Commit e72a4cff authored by Richard M. Stallman's avatar Richard M. Stallman
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Initial revision

parent e4532ad9
/* Definitions file for GNU Emacs running on Data General's DG/UX
Release 4.10 and above.
Copyright (C) 1996 Free Software Foundation, Inc.
This file is part of GNU Emacs.
GNU Emacs is free software; you can redistribute it and/or modify
it under the terms of the GNU General Public License as published by
the Free Software Foundation; either version 2, or (at your option)
any later version.
GNU Emacs is distributed in the hope that it will be useful,
but WITHOUT ANY WARRANTY; without even the implied warranty of
GNU General Public License for more details.
You should have received a copy of the GNU General Public License
along with GNU Emacs; see the file COPYING. If not, write to
the Free Software Foundation, 675 Mass Ave, Cambridge, MA 02139, USA. */
/* This file was written by Roderick Schertler <>,
contact me if you have problems with or comments about running Emacs
on dgux.
A number of things in the older dgux*.h files don't make sense to me,
but since I'm relying on memory and I don't have any older dgux
systems installed on which to test changes I'm undoing or fixing them
here rather than fixing them at the source. */
/* In dgux.h it says "Can't use sys_signal because then etc/server.c
would need sysdep.o." and then it #defines signal() to be
berk_signal(), but emacsserver.c does `#undef signal' anyway, so that
doesn't make sense.
Further, sys_signal() in sysdep.c already had a special case for
#ifdef DGUX, it called berk_signal() explicitly. I've removed that
special case because it also didn't make sense: All versions of dgux
which the dgux*.h headers take into account have POSIX signals
(POSIX_SIGNALS is #defined in dgux.h). The comments in sys_signal()
even acknowledged this (saying that the special berk_signal() case
wasn't really necessary), they said that sys_signal() was using
berk_signal() instead of sigaction() for efficiency. Since both give
reliable signals neither has to be invoked within the handler. If
the efficiency that the comments were talking about is the overhead
of setting up the sigaction struct rather than just passing the
function pointer in (which is the only efficiency I can think of)
then that's a needless optimization, the Emacs sources do better
without the special case.
The following definition will prevent dgux.h from re-defining
signal(). I can't just say `#undef signal' after including dgux.h
because signal() is already a macro, defined in <sys/signal.h>, and
the original definition would be lost. */
#include "dgux5-4r3.h"
#define LIBS_DEBUG /* nothing, -lg doesn't exist */
#ifndef NOT_C_CODE
/* dgux.h defines _setjmp() to be sigsetjmp(), but it defines _longjmp
to be longjmp() rather than siglongjmp(). Further, it doesn't define
jmp_buf, so sigsetjmp() is being called with a jmp_buf rather than a
sigjmp_buf, and the buffer is then passed to vanilla longjmp(). This
provides a more complete emulation of the Berkeley semantics. */
#include <setjmp.h>
#undef jmp_buf
#undef _setjmp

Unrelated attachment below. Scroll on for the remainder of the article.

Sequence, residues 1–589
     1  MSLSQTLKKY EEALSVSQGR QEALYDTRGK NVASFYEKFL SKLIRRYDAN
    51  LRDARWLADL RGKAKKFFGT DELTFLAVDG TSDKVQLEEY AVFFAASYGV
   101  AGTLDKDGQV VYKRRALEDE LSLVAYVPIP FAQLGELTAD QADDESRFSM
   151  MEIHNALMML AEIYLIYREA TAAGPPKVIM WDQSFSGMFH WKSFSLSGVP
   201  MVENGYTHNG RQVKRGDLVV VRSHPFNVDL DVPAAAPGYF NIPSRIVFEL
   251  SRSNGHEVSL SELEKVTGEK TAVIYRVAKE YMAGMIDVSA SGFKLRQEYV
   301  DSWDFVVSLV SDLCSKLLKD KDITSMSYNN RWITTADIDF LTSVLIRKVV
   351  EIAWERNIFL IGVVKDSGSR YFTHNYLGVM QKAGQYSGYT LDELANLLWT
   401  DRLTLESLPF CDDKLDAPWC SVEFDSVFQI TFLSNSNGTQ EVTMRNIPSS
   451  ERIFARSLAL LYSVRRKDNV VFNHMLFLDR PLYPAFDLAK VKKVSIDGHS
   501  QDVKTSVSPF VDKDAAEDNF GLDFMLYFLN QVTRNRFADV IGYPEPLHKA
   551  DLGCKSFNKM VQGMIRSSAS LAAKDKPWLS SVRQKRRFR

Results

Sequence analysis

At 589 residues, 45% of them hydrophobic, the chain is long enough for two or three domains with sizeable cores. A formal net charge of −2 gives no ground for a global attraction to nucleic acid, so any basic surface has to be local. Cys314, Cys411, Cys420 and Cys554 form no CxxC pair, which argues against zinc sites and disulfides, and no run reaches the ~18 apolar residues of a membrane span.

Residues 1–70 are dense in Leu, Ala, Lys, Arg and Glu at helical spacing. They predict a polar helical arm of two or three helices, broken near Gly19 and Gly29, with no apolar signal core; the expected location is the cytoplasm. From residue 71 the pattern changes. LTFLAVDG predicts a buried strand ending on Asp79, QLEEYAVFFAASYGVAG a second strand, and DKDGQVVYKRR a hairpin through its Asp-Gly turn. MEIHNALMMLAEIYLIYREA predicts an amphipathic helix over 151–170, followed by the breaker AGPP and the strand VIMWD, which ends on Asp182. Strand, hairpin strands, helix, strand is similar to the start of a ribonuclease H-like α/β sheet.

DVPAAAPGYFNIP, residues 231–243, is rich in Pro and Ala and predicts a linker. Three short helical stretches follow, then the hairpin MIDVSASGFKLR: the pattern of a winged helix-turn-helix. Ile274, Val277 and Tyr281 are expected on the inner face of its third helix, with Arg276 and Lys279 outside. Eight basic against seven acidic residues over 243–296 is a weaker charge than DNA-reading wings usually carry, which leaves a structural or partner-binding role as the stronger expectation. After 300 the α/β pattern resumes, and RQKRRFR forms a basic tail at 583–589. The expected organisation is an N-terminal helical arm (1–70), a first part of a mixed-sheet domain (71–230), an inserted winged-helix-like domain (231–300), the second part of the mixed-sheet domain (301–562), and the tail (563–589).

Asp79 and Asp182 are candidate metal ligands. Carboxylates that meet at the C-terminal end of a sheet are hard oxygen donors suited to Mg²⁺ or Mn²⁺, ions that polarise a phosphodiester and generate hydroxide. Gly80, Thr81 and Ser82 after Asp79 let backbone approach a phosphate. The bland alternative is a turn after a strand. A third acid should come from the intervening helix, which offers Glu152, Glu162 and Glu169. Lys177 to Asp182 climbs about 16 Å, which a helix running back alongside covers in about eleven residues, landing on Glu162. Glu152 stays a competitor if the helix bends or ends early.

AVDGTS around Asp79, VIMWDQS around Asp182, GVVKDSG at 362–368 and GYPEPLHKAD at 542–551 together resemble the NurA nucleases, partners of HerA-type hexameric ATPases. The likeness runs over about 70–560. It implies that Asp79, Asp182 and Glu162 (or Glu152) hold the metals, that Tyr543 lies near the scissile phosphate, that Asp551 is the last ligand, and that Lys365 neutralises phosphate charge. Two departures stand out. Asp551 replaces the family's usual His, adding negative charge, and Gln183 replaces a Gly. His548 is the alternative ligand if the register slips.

#undef setjmp
#undef _longjmp
#undef longjmp
#define jmp_buf sigjmp_buf
#define _setjmp(env) sigsetjmp(env, 0)
#define setjmp(env) sigsetjmp(env, 1)
#define _longjmp siglongjmp
#define longjmp siglongjmp
/* The BAUD_CONVERT definition in dgux.h is wrong with this version
of dgux, but I'm not sure when it changed.
With the current system Emacs' standard handling of ospeed and
baud_rate don't work. The baud values (B9600 and so on) returned by
cfgetospeed() aren't compatible with those used by ospeed. speed_t,
the type returned by cfgetospeed(), is unsigned long and speed_t
values are large. Further, it isn't possible to get at both the
SysV3 (ospeed) and POSIX (cfgetospeed()) values through symbolic
constants simultaneously because they both use the same names
(B9600). To get both baud_rate and ospeed right at the same time
it's necessary to hardcode the values for one set of values, here I'm
hardcoding ospeed. */
#define INIT_BAUD_RATE() \
struct termios sg; \
tcgetattr (input_fd, &sg); \
switch (cfgetospeed (&sg)) { \
case B50: baud_rate = 50; ospeed = 0x1; break; \
case B75: baud_rate = 75; ospeed = 0x2; break; \
case B110: baud_rate = 110; ospeed = 0x3; break; \
case B134: baud_rate = 134; ospeed = 0x4; break; \
case B150: baud_rate = 150; ospeed = 0x5; break; \
case B200: baud_rate = 200; ospeed = 0x6; break; \
case B300: baud_rate = 300; ospeed = 0x7; break; \
case B600: baud_rate = 600; ospeed = 0x8; break; \
default: \
case B1200: baud_rate = 1200; ospeed = 0x9; break; \
case B1800: baud_rate = 1800; ospeed = 0xa; break; \
case B2400: baud_rate = 2400; ospeed = 0xb; break; \
case B4800: baud_rate = 4800; ospeed = 0xc; break; \
case B9600: baud_rate = 9600; ospeed = 0xd; break; \
case B19200: baud_rate = 19200; ospeed = 0xe; break; \
case B38400: baud_rate = 38400; ospeed = 0xf; break; \
} \
/* The `stop on tty output' problem which occurs when using
INTERRUPT_INPUT and when Emacs is invoked under X11 using a job
control shell (csh, ksh, etc.) in the background doesn't look to be
present in R4.11. (At least, I can't reproduce it using jsh, csh,
ksh or zsh.) */
/* In R4.11 (or maybe R4.10, I don't have a system with that version
loaded) some of the internal stdio semantics were changed. One I
found while working on MH is that _cnt has to be 0 before _filbuf()
is called. Another is that (_ptr - _base) doesn't indicate how many
characters are waiting to be sent. I can't spot a good way to get
that info from the FILE internals. */
#endif /* NOT_C_CODE */
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